Reagan came to office in 1980 and enjoyed a prolonged honeymoon with the media. He was portrayed as a strong and charming leader. His decision to provide financial and military support to the mujahedeen fighting the Soviets in Afghanistan met with general approval. The media was prepared to overlook the early signs of the effects of old age on his performance, e.g. when he repeatedly fell asleep at a G7 summit meeting in Venice in 1982. The media was generally supportive of his tough stand on relations with the Soviet Union, as well as on his subsequent opening of diplomatic channels of communication with Soviet leader Mikhail Gorbachev. The only real bad patch the Reagan administration experienced in relations with the media was precipitated by what came to be known as the Iran-Contra affair. In violation of congressional edicts, senior members of Reagan’s national security staff engineered a program to sell weapons to “moderate forces” in Iran and to use the proceeds to support the Contra movement then fighting the Sandinistas in Nicaragua. The illegality of this program drew sharp criticism from the media, but so, too, did the president’s apparent inability to control what went on in the White House. Nevertheless, Reagan left office with a very high approval rating, and nostalgia for the Reagan era continues to be a dominant feature of Republican propaganda.
Reagan’s successor, President George H.W. Bush, had none of his predecessor’s charisma but enjoyed good press as he stickhandled the complex politics of the end of the Cold War and suspended robustly to the Iraqi invasion of Kuwait in 1990. But it was the state of the American economy that was to be his downfall as he was defeated with relative ease by Bill Clinton in his bid for re-election. Clinton brought to the White House a superabundance of charm and youthful energy and managed to launch the United States on a period of unprecedented economic expansion. And yet his two terms in office were constantly overshadowed by media reports of sexual impropriety. Culminating in the Monica Lewinsky affair, in which a young female intern claimed she and Clinton had sex in the Oval Office, Clinton’s reputation was destroyed in an impeachment trial during the course of which he shamelessly prevaricated. The media’s prolonged obsession with the Lewinsky affair certainly undermined his performance as president. (I can well remember a televised news conference that Clinton held with Palestinian leader Yasser Arafat. All of the questions from the media dealt with the Lewinsky imbroglio, as Yasser Arafat sat there with a bemused look on his face.) In retirement, Clinton appears to have salvaged his reputation and is now one of the leading lights of the Democratic party.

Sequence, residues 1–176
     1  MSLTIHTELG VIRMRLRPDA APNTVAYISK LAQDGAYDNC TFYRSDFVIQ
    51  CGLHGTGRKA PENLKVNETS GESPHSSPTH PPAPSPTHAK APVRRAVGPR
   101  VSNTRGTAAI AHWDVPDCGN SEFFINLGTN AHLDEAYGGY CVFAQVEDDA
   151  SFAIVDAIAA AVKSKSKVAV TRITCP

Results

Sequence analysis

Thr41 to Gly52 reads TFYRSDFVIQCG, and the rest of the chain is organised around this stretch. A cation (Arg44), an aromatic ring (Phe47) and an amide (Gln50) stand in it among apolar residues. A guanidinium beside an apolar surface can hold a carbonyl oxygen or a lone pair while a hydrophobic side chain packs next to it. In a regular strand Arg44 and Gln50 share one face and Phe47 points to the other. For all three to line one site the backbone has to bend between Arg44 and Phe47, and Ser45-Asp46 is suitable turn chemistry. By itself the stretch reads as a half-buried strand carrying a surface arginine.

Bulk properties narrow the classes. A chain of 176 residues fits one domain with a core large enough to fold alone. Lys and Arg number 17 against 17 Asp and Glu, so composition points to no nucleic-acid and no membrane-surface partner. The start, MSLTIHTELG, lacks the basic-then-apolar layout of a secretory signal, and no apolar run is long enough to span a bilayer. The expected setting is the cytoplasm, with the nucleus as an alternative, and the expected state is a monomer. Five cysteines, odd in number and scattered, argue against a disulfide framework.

Not long after he came into office, President George W. Bush was confronted with the al-Qaida attacks on New York and Washington. His response to these events, a combination of resolve and compassion, was widely hailed by the media. He also initially enjoyed media support for his invasion of Iraq in 2003. That support rapidly dissolved, however, when it became evident that the two main reasons given for the invasion — Iraq’s stockpiles of weapons of mass destruction and links between Saddam Hussein and al-Qaida — were totally bogus. Many media outlets, including the New York Times, came out very publicly in admitting they had been wrong to support the invasion. Thereafter, the media produced a long series of articles highly critical of the way operations were conducted in Iraq. The level of criticism only mounted following the president’s rather muddled response to the flooding caused by hurricane Katrina. Throughout, the president seemed to accept the criticism with equanimity and never chose to go to war against the press, unlike Nixon and Trump.
President Barack Obama had a fairly positive relationship with the media throughout his eight years in office. Even when his policies came under attack, as in the case of his response to the civil war in Syria, he chose to answer his critics with reasoned arguments rather than with venom. The contrast with his successor, Donald Trump, could not have been more stark. Throughout his election campaign and during his three and a half years in office, Trump has been relentless in his attacks on the media, declaring them to be purveyors of “fake news” and enemies of the American people. His attacks against individual news organizations and individual journalists have no precedent in American history. And the media has not been kind to Trump. Various news organizations have launched squads of investigative reporters to look into his personal life and past business dealings. Their revelations have served to further discredit a president who has done so much to discredit himself.
There is always bound to be a certain amount of antagonism in relations between presidents and the media. The former, rightly or wrongly, believe that what they are doing is best for the country. The latter see it as their responsibility to hold leaders accountable for their actions, or to use that old cliche, “to tell truth to power.” In a properly functioning democracy, both have essential roles to play. The extent to which they can carry out those roles in a civilized and mature way is indeed a true test of the vitality of a democracy. Pace Mr. Trump.
Louis A. Delvoie is a retired Canadian diplomat who served abroad as an ambassador and high commissioner.